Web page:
Weight-Loss Surgery for Obese People With Diabetes
Those who had gastric bypass dropped the most weight, some saw their type 2 diabetes disappear, studies found
By E.J. Mundell
WEDNESDAY, June 4, 2014 (HealthDay News) -- Compared to diet and lifestyle changes, gastric bypass surgery appears to be the clear winner in helping obese people with type 2 diabetes lose weight and even rid themselves of the disease, new studies show.
The findings "further confirm that gastric bypass is the most effective way of treating type 2 diabetes in obese patients, and that surgery is superior to medical treatment for the disease in terms of blood sugar control," said Dr. Subhash Kini, a bariatric surgeon and associate professor of surgery at the Icahn School of Medicine and The Mount Sinai Hospital, in New York City. He was not involved in the two new studies.
The findings were published June 4 in JAMA Surgery.
As obesity rates in the United States continue to rise, so do rates of obesity-linked type 2 diabetes. For years, improved diet, lifestyle changes and certain weight-loss medications were thought to be the only way to help obese diabetics slim down. However, the advent of weight-loss surgeries such as gastric bypass and the gastric banding procedure have brought new treatments to the fore.
In one of the new studies, researchers led by Dr. Anita Courcoulas, of the University of Pittsburgh Medical Center, tracked outcomes for 69 obese or very obese patients who were assigned to receive either gastric bypass, gastric banding, or a traditional lifestyle-change intervention.
They report that people who underwent gastric bypass had an average 27 percent drop in their weight, compared to a 17.3 percent weight loss for those who got gastric banding, and about a 10 percent loss for those who tried diet/exercise changes.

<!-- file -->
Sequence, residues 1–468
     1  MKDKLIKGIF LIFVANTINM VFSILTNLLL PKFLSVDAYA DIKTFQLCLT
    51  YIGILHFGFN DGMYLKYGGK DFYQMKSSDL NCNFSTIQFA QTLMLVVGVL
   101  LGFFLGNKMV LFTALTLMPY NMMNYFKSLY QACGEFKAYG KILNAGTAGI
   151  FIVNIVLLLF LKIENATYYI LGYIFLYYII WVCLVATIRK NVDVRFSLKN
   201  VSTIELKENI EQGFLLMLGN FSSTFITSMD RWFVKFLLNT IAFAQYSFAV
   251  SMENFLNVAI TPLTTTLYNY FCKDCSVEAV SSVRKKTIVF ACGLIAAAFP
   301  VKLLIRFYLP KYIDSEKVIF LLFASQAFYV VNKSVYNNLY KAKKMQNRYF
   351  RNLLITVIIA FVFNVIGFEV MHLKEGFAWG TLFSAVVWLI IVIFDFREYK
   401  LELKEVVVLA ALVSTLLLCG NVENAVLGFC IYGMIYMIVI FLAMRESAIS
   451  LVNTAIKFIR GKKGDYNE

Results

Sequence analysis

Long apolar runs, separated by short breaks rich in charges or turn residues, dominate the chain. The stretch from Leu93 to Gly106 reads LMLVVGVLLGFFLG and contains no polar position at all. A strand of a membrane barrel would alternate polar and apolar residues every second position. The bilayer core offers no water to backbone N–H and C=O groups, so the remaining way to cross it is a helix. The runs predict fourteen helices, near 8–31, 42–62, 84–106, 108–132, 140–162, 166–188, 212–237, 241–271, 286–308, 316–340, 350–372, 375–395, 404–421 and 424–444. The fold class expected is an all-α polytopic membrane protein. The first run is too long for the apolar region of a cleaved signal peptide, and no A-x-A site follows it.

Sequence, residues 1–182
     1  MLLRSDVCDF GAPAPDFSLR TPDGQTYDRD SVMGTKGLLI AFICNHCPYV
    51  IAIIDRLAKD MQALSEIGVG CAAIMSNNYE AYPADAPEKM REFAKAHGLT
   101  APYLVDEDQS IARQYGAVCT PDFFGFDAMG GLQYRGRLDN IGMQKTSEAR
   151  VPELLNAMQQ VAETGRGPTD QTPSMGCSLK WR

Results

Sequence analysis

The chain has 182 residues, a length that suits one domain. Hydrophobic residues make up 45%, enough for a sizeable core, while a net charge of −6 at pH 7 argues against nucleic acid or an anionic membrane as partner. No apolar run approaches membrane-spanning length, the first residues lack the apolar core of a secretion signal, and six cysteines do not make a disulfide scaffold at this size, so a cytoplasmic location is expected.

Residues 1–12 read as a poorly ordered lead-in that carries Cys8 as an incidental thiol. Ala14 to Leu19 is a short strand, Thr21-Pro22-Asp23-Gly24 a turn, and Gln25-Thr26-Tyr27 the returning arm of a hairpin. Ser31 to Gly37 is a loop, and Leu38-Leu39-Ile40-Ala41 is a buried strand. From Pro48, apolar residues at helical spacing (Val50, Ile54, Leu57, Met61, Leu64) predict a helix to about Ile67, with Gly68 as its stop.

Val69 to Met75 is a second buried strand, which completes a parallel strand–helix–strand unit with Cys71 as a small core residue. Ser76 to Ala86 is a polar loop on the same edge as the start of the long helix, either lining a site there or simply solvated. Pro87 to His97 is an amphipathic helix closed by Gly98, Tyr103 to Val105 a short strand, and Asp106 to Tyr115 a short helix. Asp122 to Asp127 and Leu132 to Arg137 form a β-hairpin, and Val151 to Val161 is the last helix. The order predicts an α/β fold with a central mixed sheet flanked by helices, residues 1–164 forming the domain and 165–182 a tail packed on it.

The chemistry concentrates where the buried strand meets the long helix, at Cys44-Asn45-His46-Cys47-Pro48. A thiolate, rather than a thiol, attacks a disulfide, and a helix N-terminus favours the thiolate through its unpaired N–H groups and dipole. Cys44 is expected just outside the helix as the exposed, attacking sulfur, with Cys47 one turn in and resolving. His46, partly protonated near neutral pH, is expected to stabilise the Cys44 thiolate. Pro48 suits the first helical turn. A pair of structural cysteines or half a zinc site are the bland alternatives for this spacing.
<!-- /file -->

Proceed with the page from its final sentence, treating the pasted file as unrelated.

The results were similar when it came to diabetes: One year after the intervention, 50 percent of the gastric bypass patients saw their type 2 diabetes partially ease and 17 percent saw it completely disappear, compared to 27 percent and 23 percent, respectively, for those who got the banding treatment.
None of the patients on the lifestyle-change regimen saw any remission of their diabetes, the study authors noted.
In the second study, a team led by Dr. Florencia Halperin of Brigham and Women's Hospital in Boston tracked the one-year outcomes of 38 obese or very obese people with type 2 diabetes. The patients underwent either gastric bypass or drug/lifestyle weight-management interventions.
Again, the surgery seemed to produce the best results, according to the study. Fifty-eight percent of people in the gastric bypass group saw their type 2 diabetes go into remission within a year after the procedure, compared to just 16 percent of those who got the lifestyle intervention.
People who got the surgery also saw improvements in weight, waist circumference, blood pressure and blood cholesterol levels, the Boston researchers said.